We could (should?) invite people from internet-land to go out and shoot their own metal documentary, a short film of 4 - 6 minutes as you suggest, then we can try to figure out which videos/people have the best ideas and see if anything is worth taking further. If a mass of people upload videos to youtube then the DLA admin team/film-leaders could sift through the posted videos and make a decision about which ones to continue. We should realise that our members are spread out around the World (mainly US/Europe) and use that to our advantage, we don't need everyone to be in the same room. This basically means that  people from Texas, India, the UK could create separate short videos, upload them, then they can be spliced together to create a single/ whole product. Creating a long documentary is a big task, breaking down into manageable chunks is a good idea, funding/collaboration is also a good idea. So encouraging forum members + others that drop by to create videos might get us started. Thoughts?

Interzone / Re: Dark Legions Archive Metal Film Project
« on: January 05, 2009, 04:27:13 PM »
I might suggest that the project doesn't cut off more than it can chew.

Establish that metal is Late Romanticist in outlook, and talk about what Romanticism (pre-metal) had going for it.

Essentially create one piece (cell) of the idea and see how it turns out. If it sucks then continuing with the rest of the project will be a waste. The idea is good but might not be manageable at the current time. I'd also aim to not alienate the audience, choose words carefully: maintain meaning but don't be overly heavy handed, otherwise the message will be wasted on most people (not our goal, imo).

How much of the practical side of shooting a film has been considered? I have an email (2 years old) that had a brief discussion of equipment, I can post if that would be helpful. The film needs a script, shooting equipment (camera, mic etc) and then editing equipment (computer + software). The first part is the cheapest, the second will be the most expensive (the software can be downloaded). I used to have a copy of video editing software and could potentially get another copy, I also know someone that is quite skilled at video/music editing. I'm happy to accept emails/ private messages to further discussion.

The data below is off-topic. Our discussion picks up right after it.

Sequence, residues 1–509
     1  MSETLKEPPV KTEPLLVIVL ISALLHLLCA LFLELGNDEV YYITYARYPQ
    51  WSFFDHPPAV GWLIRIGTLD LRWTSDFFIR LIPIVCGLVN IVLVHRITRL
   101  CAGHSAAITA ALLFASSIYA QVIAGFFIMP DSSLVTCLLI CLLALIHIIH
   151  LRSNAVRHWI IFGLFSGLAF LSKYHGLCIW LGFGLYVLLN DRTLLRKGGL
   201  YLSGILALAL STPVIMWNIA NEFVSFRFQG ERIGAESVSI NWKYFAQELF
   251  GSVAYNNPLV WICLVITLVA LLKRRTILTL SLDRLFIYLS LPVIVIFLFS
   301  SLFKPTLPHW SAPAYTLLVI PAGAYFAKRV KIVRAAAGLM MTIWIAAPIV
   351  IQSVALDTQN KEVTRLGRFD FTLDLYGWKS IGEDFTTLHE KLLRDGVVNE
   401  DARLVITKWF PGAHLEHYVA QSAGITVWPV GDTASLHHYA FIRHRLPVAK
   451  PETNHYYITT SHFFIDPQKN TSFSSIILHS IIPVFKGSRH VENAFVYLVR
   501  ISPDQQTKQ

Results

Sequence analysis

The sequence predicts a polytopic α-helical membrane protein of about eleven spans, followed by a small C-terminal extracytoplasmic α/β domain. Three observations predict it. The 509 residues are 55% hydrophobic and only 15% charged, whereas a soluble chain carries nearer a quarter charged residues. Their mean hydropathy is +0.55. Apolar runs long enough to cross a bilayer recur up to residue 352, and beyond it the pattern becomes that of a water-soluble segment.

Interzone / Re: "In praise of the part-time musician"
« on: January 05, 2009, 03:43:10 PM »
The article is sound in logic, I agree with what he is saying but didn't know he had released another book. I remember hearing about the first one but I also remember that I was skeptical about it. Has anyone here read his first book and willing to offer a comment?

Seems that there is a ton of books on the subject of metal, most of which have slipped under my radar. Also, wtf is this: http://www.amazon.com/Black-Metal-Documentary/dp/B000O76TRM/ref=pd_sim_b_8

or this:

Didn't intend to hijack the topic just amazed what exists and is linked from the KKH amazon page.

Interzone / Re: Dark Legions Archive Metal Film Project
« on: December 20, 2008, 02:46:47 PM »
Email summary from previous discussions about a DLA film are below. This is a brainstorm, so expect a lack of order and there are several voices. There are worthwhile comments that anyone should take on board if they plan to undertake this project.

How would we do a metal documentary that explains the real parts of the genre to the average viewer? Ghaal's "satan" was imagic but not effective. Lords of chaos was discursive but not communicative. We could do better.

One possible method: aim for short films that are more in-depth and more specific. Something like chapters in a book. Creating the 'chapters' is a good way to start but it must be edited into one unified film.

What do you think about steering away from lyrical content to look at imagery, appearance and interviews?
- I presume aural imagery here, which should probably be emphasized in the lyrics anyway. Reciting lyrics and giving their interpretation would be boring, making strong hints about the lyrics being important might help though. I'm planning to avoid us saying 'listen to this killer album, yo!' - you know that many fans just listen to metal 'coz it is brootal'.

Some two years ago or so I began thinking about doing a metal documentary.  My thought at the time was not to do a video that "objectively" pried into the entire genre (as the recent Headbangers journey more or less tried to do),
my idea was to elucidate on the best of the best.  What I had in mind was more akin to the best moments of Lords of Chaos.  I intended to go in depth into the deeper, philosophical and esoteric elements of the bm genre and attempt to bring out the spirit of what the best of the best were trying to do while in their peak.  One thing I really wanted to drive home was the folkloric, mythological and tantric background of metal and really get inside the essence of that. This is, I think, much different than what you gentlemen are thinking.  It seems you both are discussing having small segments hosted on the Hessians site that can serve as general introductions to metals various genres and ideological foundations.  This is much different in my mind than doing a traditional documentary, in part because it more or less requires bringing together resources that are already floating around and pasting them together into a presentable format as opposed to really heading out to get new material first hand.